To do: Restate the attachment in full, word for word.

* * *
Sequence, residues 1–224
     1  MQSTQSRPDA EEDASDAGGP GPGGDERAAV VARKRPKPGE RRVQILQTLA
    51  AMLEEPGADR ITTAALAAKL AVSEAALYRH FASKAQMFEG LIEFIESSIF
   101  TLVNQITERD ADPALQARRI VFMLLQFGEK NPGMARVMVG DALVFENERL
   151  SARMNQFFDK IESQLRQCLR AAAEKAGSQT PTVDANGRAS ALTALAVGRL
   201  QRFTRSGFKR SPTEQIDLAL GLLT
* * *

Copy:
Sequence, residues 1–224
     1  MQSTQSRPDA EEDASDAGGP GPGGDERAAV VARKRPKPGE RRVQILQTLA
    51  AMLEEPGADR ITTAALAAKL AVSEAALYRH FASKAQMFEG LIEFIESSIF
   101  TLVNQITERD ADPALQARRI VFMLLQFGEK NPGMARVMVG DALVFENERL
   151  SARMNQFFDK IESQLRQCLR AAAEKAGSQT PTVDANGRAS ALTALAVGRL
   201  QRFTRSGFKR SPTEQIDLAL GLLT